Engineers for ITER – trained at IPP in Garching and Greifswald

Training programme of the European Union / specialists in fusion research

February 05, 2007

Nine young technology specialists are being trained at Max Planck Institute of Plasma Physics (IPP) in Garching and Greifswald in the context of a new "European Training Programme on Fusion" dedicated to the special requirements of fusion research. It is funded by the European Union with a total of about 8 million euros as an antidote to the anticipated shortage of engineers for the construction and operation of the ITER international fusion test reactor. It is to ensure that the expertise needed for the ambitious high-tech objectives to be tackled with ITER is available. IPP heads two of the nine programmes altogether, spread over fusion laboratories throughout Europe, and is involved in three other programmes.

Layout of ITER

In the "Superconducting Magnets" training programme at the Greifswald branch of IPP four young engineers are following the production of the 70 large superconducting magnets for the Wendelstein 7-X fusion experiment in order to gain an insight into how research and industry collaborate. With a "cold mass" of 450 tonnes cooled to superconduction temperature close to absolute zero, Wendelstein 7-X features the largest cryo system at present in European fusion research – thus providing an ideal training ground for future ITER engineers. In the European network, headed by Dr. Thilo Scholz and comprising three research institutions and three industrial companies, the young engineers are gaining experience, from industrial production of superconducting magnets and the appropriate cryogenic technology via quality management and control to installation in the experimental device.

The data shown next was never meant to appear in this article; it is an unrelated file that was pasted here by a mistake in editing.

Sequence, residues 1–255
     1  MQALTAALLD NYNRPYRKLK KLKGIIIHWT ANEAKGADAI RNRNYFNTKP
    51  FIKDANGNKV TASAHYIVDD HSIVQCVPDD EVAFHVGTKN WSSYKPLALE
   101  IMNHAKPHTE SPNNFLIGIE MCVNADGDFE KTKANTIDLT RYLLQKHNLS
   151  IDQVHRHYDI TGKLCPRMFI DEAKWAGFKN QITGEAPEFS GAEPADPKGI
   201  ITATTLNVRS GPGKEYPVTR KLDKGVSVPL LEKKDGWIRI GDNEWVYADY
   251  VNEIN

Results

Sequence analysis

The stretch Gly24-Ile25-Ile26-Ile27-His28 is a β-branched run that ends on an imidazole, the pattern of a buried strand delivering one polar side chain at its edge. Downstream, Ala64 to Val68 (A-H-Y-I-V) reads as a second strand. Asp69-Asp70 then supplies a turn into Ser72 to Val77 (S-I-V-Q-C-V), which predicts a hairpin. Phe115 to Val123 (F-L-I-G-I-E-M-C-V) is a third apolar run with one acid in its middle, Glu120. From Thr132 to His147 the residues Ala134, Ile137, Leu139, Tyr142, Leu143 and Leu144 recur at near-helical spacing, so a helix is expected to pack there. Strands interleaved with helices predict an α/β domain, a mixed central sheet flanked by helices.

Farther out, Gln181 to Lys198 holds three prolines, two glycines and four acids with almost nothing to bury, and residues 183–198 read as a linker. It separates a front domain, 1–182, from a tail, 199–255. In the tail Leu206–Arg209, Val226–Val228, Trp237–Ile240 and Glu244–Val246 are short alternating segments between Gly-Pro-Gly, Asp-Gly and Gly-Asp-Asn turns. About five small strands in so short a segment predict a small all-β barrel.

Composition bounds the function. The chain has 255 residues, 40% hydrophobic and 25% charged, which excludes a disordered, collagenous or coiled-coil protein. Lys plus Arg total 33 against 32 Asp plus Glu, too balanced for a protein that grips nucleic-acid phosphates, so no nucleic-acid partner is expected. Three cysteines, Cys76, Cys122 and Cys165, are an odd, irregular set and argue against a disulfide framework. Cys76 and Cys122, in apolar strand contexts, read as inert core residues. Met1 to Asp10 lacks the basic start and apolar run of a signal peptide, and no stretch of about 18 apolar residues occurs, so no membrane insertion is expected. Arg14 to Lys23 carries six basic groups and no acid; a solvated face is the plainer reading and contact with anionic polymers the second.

At IPP in Garching the "Radio-frequency Heating" training programme, headed by Prof. Jean-Marie Noterdaeme, supplies know-how on the heating of a fusion plasma with radio-frequency waves. The appropriate practical training is partly provided at Garching’s ASDEX Upgrade fusion device. In conjunction with six other research institutions and a partner from industry six young engineers in the network are to acquire the expertise required for developing and producing high-tech components for radio-frequency heating of ITER. They will thus be equipped to cope with the huge high-frequency power needed in ITER – 20 megawatts envisaged. Three more engineers are being trained at Garching in the "Materials Research" programme and at Greifswald in the "Diagnostics" programme.

The aim of fusion research is to develop a power plant that, like the sun, derives energy from fusion of atomic nuclei. To ignite the fusion fire, it is necessary to confine the fuel, a hydrogen plasma, in magnetic fields and heat it to temperatures of 100 million degrees. The next major step is the ITER international fusion test reactor, construction of which will be started in 2008 at Cadarache, France, in an international cooperation.

Isabella Milch

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